As a measure of customer satisfaction, most KPIs are useless. I especially dislike the key performance indicator emails answered per hour, which is particularly dangerous for your customers. It’s KPIs like this one that lead to low customer satisfaction, resulting in angry posts on social media and blogs.
On the face of it, it seems like a great idea. What’s wrong with encouraging your staff to respond to customers as quickly and succinctly as possible? Customers get quick replies, your staff are fast and efficient, and you keep your staffing costs down (because you need fewer staff).
The problem lies in the fact that a fast answer is not necessarily a good one. Yes, speed is important. Customers who write to you with simple questions don’t want to wait forever for an answer. However, not all questions are created equal. Some of them require careful reading, not just a quick glance and then a macroed response to what you thought they were going to say.
So if you are using an answers-per-hour KPI, you’re penalising your staff members who are ‘unlucky’ enough to be allocated the more complex questions. If they read and answer those questions thoroughly, they’ll get through fewer emails per hour in comparison to their colleagues.
Stats versus true service
I know how customer service works. And I know just as well as you do that it’s not uncommon to get customers emailing for the nth time on the same issue. When you get such an email, you can sometimes see the string of quick and dirty answers from colleagues. Cursory, incorrect replies, forcing the customer to either give up or write back yet again.
In other words, you are setting your employees up to fail. If they actually take the time to help your customers, you will haul them into a meeting and tell them that they need to get their stats sorted or else risk losing their jobs. If they give fast and unhelpful or irrelevant replies, you praise them. And that’s what you call customer service?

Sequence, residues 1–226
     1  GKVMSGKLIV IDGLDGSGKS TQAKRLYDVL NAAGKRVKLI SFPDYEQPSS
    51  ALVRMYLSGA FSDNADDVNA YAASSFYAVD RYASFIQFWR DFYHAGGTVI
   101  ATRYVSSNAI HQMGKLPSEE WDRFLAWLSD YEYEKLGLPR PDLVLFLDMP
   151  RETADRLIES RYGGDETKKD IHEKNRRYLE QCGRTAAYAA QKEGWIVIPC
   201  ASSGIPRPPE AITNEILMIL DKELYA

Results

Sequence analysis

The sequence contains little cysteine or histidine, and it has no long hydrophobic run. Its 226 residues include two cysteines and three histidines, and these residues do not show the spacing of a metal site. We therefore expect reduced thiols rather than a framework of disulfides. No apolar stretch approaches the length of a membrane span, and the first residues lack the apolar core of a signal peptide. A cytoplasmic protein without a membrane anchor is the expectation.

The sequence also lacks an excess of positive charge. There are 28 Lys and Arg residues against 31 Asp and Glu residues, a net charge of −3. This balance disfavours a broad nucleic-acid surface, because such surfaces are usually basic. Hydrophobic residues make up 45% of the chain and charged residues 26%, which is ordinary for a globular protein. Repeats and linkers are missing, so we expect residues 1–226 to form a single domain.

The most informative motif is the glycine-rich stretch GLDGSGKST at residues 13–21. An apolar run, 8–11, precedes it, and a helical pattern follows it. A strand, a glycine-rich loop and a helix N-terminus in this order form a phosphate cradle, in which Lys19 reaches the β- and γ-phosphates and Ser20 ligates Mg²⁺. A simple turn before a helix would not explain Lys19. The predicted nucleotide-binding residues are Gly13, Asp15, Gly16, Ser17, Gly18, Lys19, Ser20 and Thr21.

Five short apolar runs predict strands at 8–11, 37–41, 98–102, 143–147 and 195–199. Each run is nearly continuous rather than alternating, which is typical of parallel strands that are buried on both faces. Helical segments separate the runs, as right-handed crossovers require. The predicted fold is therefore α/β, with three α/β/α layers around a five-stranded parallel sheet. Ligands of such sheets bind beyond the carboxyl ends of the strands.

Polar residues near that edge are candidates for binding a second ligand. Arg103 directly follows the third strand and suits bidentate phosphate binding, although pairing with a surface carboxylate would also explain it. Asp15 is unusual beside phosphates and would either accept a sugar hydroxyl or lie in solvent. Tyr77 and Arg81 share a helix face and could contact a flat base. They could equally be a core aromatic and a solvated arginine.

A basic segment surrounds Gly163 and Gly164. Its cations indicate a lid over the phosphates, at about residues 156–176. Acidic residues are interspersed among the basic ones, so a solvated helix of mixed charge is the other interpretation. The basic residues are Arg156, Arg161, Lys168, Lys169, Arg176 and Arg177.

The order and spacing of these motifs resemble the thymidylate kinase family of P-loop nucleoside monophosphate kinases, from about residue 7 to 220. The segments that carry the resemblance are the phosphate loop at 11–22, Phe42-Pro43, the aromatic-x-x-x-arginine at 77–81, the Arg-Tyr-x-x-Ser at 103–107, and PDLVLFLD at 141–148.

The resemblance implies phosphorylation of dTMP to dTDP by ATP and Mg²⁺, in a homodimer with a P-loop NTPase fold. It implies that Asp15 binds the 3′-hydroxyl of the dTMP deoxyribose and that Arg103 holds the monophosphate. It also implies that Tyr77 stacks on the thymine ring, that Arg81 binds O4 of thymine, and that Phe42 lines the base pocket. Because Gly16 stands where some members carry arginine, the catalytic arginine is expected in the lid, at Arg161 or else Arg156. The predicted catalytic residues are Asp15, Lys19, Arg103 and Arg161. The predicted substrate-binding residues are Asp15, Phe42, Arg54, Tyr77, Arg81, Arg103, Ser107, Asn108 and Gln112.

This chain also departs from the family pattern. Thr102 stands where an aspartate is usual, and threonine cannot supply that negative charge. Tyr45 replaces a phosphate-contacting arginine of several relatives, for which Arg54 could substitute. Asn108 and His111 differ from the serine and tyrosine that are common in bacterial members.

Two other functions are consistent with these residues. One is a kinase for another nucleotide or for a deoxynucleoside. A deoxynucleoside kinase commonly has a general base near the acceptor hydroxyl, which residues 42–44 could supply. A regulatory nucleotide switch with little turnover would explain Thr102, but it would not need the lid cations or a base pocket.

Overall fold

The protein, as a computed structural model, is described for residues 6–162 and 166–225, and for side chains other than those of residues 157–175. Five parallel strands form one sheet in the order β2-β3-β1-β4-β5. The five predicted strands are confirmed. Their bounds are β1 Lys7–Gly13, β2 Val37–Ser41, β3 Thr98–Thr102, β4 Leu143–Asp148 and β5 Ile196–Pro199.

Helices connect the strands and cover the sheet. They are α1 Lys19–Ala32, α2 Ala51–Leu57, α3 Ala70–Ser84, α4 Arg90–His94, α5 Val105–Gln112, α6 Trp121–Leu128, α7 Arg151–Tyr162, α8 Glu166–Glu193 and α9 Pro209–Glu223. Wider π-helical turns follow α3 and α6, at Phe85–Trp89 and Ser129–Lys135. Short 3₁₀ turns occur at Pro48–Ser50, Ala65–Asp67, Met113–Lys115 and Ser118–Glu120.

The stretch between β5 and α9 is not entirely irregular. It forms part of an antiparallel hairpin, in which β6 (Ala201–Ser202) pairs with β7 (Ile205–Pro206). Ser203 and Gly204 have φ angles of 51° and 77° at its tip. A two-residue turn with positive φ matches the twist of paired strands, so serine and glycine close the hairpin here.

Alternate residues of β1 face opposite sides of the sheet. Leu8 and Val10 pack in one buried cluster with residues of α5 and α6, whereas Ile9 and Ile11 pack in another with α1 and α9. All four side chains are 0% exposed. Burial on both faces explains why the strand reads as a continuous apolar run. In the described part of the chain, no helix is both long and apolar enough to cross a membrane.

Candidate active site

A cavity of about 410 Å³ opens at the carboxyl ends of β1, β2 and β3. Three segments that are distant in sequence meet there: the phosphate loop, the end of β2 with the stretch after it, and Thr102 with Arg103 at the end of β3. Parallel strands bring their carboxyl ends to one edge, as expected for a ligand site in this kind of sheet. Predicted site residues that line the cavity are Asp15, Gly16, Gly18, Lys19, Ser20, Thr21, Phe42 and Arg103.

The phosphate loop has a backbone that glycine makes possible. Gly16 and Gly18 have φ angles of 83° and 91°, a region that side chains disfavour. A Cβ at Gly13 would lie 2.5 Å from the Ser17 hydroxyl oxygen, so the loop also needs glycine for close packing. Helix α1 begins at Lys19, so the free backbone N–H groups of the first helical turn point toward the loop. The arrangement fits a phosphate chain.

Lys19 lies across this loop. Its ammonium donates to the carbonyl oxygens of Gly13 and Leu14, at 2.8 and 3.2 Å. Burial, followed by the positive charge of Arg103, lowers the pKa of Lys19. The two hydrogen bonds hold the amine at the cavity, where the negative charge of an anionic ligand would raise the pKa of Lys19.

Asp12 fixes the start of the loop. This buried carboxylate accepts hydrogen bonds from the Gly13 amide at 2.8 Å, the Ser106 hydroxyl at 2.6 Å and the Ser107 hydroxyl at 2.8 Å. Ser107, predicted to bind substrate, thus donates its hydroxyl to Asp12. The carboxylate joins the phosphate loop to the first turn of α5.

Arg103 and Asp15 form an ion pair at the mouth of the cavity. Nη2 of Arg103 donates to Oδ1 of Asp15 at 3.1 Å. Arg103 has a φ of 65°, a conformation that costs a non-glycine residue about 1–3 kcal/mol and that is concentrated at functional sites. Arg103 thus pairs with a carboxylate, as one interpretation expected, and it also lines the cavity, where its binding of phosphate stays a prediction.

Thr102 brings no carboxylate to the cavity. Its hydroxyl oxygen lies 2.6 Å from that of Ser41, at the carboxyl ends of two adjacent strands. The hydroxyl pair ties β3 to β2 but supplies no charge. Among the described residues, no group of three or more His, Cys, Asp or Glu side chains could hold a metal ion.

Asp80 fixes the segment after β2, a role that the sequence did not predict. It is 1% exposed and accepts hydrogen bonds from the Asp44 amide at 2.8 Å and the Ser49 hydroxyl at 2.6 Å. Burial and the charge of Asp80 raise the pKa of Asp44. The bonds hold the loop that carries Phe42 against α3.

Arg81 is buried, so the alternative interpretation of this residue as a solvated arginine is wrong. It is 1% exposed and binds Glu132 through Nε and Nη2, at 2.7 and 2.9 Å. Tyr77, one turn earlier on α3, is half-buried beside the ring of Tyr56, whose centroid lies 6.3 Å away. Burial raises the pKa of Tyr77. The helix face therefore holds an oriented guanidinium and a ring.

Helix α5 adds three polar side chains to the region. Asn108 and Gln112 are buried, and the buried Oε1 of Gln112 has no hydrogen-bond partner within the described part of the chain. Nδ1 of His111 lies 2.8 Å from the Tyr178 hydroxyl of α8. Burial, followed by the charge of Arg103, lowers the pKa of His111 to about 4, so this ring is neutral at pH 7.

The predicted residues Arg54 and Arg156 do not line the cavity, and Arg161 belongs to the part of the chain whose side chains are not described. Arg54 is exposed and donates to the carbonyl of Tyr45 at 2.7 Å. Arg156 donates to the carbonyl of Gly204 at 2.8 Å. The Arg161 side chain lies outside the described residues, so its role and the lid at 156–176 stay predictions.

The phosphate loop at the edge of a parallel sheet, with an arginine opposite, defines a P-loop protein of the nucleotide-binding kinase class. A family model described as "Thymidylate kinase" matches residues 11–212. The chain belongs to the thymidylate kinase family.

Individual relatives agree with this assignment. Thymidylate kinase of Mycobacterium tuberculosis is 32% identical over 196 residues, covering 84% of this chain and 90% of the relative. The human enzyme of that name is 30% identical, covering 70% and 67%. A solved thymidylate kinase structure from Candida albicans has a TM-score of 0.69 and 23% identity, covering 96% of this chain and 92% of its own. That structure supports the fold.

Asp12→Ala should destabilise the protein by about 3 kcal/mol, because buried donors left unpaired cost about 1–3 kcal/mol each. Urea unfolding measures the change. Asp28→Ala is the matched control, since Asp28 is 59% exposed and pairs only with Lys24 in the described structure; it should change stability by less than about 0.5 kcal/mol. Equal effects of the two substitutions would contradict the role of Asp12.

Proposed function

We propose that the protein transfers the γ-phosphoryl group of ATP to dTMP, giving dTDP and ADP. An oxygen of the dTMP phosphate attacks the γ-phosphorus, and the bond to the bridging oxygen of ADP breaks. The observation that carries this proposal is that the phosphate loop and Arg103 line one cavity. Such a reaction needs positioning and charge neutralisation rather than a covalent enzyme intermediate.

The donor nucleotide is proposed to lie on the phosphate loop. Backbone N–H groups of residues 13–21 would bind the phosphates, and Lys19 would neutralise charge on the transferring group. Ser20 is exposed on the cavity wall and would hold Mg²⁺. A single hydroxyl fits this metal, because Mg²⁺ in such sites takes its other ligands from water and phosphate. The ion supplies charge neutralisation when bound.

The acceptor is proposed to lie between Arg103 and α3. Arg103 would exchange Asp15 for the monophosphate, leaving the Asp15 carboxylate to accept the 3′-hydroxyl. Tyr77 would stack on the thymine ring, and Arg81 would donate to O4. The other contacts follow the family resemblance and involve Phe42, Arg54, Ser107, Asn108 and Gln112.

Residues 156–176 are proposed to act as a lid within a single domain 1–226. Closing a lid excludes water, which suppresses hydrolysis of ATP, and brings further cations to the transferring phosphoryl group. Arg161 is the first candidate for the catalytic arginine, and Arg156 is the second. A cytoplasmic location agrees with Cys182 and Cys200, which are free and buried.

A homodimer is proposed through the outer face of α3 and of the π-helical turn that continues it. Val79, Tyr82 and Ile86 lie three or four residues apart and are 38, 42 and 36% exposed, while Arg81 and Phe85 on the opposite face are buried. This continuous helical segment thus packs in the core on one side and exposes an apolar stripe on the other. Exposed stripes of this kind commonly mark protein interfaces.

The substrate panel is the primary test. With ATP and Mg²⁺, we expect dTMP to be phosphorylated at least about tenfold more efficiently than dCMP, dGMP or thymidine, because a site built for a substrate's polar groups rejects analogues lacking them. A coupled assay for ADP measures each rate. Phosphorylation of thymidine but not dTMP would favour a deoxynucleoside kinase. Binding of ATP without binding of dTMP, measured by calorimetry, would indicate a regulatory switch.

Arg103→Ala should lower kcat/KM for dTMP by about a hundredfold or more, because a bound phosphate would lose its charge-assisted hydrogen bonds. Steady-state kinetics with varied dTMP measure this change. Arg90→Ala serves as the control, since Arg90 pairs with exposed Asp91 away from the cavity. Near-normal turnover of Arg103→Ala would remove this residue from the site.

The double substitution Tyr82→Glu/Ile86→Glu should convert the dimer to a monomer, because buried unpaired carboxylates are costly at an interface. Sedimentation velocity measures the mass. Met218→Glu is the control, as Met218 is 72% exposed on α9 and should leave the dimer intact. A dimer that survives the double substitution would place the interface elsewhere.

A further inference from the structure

Dear CMO, do us all a favour. Ditch your other KPIs in favour of FCR.
First contact resolution
Whatever you call it – First Time Fix, First Time Right, First Contact Fix – we strongly urge you to start measuring how many of your company’s customer interactions are resolved on the first contact. Give your employees some breathing space; allow them to read a customer email carefully, including any attachments or forwarded emails that may be part of the query. Then give them enough time to formulate a thorough reply that will give a decent answer to the question.
Most questions won’t require that much time. But the more complex ones – which are more likely to come from customers who have put a bit of time and effort into formulating their queries, and who are also more likely to put energy into taking things further if they don’t get a satisfactory reply – will get the attention they deserve.
Your job, dear CMO, will become that little bit harder, of course. ‘Emails per hour’ is such a nice, snappy, easily measurable metric. It sounds so good on paper. But it’s completely useless, and that’s a shame. It’s time to start rewarding answers that are useful, not just fast. Please? Do it for the customers!